Net cash inflows from operating activities          $ 68
Net Cash outflow from investing activities          (255)
Net Cash inflow from financing activities            167
Net (decrease in cash)                              $(20)
Cash balance, December 31, 2004                       42
Cash balance, December 31, 2005                     $ 22
      Noncash Investing and
      Financing Activities...
…are not reported in the statement of cash
  flows.
• The FASB requires that significant non-
  cash investing and financing activities be
  shown in a separate schedule at the bottom
  of the statement.
        Objective 4

Prepare a Statement of Cash
Flows by the Direct Method.
              The Direct Method
      Statement of Cash Flows (Direct Method)
    Year Ended December 31, 2005 (Thousands)
Cash flows from operating activities:
Receipts:
Collections from customers                    $269
Interest received on notes receivable           12
Dividends received on investments in stock       9
Total receipts                                $290
            The Direct Method
    Statement of Cash Flows (Direct Method)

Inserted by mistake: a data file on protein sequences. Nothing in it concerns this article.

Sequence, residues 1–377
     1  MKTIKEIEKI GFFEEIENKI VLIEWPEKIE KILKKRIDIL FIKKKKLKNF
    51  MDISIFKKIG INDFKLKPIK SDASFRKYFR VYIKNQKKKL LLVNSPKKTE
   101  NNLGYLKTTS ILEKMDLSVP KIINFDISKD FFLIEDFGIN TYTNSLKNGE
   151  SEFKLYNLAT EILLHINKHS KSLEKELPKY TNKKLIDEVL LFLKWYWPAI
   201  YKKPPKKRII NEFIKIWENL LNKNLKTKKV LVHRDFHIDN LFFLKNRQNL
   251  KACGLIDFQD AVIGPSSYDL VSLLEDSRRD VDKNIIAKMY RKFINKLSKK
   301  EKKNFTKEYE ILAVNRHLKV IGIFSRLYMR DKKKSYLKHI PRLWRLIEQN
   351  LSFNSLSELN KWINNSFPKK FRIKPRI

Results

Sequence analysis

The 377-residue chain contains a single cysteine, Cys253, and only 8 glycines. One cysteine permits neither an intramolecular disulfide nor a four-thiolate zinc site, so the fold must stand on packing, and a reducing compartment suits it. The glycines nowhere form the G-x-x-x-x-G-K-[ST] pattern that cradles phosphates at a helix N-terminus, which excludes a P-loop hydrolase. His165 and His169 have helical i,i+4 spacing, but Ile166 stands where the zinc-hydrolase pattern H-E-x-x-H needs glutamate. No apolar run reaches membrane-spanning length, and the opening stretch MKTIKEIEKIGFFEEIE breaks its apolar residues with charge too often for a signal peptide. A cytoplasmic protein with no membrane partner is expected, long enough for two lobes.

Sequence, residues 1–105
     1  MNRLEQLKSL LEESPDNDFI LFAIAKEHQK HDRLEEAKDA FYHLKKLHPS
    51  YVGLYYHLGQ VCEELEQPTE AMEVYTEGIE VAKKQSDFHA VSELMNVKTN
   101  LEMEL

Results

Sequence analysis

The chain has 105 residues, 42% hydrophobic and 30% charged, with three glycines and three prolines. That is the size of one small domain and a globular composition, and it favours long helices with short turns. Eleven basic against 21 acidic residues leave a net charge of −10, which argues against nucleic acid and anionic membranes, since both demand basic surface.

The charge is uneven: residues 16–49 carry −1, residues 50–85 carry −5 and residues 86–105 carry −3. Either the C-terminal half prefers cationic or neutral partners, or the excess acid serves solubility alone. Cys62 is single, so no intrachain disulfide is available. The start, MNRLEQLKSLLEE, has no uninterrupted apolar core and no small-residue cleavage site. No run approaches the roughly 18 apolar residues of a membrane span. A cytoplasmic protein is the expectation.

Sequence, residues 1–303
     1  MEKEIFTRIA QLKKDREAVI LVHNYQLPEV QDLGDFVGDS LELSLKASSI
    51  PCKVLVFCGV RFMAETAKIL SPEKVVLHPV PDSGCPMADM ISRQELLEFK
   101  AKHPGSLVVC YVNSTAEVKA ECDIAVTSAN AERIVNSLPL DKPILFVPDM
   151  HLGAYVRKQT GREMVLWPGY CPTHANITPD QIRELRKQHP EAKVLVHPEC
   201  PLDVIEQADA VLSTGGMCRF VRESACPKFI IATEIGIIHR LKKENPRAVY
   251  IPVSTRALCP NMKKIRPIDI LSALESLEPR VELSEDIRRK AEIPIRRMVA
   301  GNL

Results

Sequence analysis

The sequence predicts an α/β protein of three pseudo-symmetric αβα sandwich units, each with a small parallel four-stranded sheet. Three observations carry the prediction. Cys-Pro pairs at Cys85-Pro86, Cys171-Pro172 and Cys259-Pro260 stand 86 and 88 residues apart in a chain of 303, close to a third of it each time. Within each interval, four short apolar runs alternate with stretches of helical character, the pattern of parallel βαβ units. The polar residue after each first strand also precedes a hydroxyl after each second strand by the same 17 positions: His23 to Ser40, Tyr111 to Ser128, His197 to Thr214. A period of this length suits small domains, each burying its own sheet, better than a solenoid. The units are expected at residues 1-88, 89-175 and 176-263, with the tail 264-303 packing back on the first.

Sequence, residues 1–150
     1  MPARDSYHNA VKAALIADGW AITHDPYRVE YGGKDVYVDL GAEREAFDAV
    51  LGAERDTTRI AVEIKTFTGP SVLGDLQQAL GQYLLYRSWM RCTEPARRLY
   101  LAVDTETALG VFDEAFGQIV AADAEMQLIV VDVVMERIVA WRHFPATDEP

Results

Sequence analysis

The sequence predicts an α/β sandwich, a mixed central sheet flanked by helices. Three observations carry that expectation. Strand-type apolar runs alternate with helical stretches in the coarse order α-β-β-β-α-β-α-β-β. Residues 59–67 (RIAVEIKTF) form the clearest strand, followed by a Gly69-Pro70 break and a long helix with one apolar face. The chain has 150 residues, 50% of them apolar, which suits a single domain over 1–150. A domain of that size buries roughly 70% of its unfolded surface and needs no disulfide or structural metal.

Year Ended December 31, 2005 (Thousands)
Payments:
To suppliers                              $(135)
To employees                              (56)
For interest                                 (16)
For income tax                               (15)
Total payments                              (222)
Net cash provided by operating activities $ 68
    Computing Individual Amounts
    for the Statement of Cash Flows
Revenues or expenses from the income statement
                       +
                       –
        Adjusted for the change in the
       related balance sheet account(s)
                      =
    Amount for the statement of cash flows
  Computing Cash Collections
      from Customers
• Collections can be computed by converting
  sales revenue to the cash basis.
• Beginning Accounts Receivable balance +
  Sales on account – Collections = Ending
  Accounts Receivable balance
  Computing Cash Collections
      from Customers
• $81,000 + $284,000 – 96,000 = $269,000
• Because Accounts Receivable increased by
  $15,000, the business received $15,000
  less cash than its sales revenue for the
  period.
• All collections of receivables are computed
  following the pattern illustrated for
  collections from customers.
      Payments for Operating
           Expenses
• Increases in prepaid expenses require cash
  payments, and decreases indicate that
  payments were less than expenses.
• Decreases in accrued liabilities can occur
  only from cash payments, and increases
  mean that cash was not paid.
      Reconciling Net Income
         to Net Cash Flow
• The FASB requires companies that format
  operating activities by the direct method to
  report a reconciliation from net income to
  net cash inflow (or outflow).
End of Chapter 17